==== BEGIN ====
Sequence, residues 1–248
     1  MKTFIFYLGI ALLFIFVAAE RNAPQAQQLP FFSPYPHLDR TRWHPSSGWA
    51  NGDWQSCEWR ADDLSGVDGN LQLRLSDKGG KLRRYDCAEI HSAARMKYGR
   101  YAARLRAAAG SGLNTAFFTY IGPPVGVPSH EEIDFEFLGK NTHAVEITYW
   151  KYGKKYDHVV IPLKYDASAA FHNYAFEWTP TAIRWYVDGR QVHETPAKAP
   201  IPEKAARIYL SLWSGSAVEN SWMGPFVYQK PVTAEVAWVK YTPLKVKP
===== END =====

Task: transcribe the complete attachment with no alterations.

Sequence, residues 1–248
     1  MKTFIFYLGI ALLFIFVAAE RNAPQAQQLP FFSPYPHLDR TRWHPSSGWA
    51  NGDWQSCEWR ADDLSGVDGN LQLRLSDKGG KLRRYDCAEI HSAARMKYGR
   101  YAARLRAAAG SGLNTAFFTY IGPPVGVPSH EEIDFEFLGK NTHAVEITYW
   151  KYGKKYDHVV IPLKYDASAA FHNYAFEWTP TAIRWYVDGR QVHETPAKAP
   201  IPEKAARIYL SLWSGSAVEN SWMGPFVYQK PVTAEVAWVK YTPLKVKP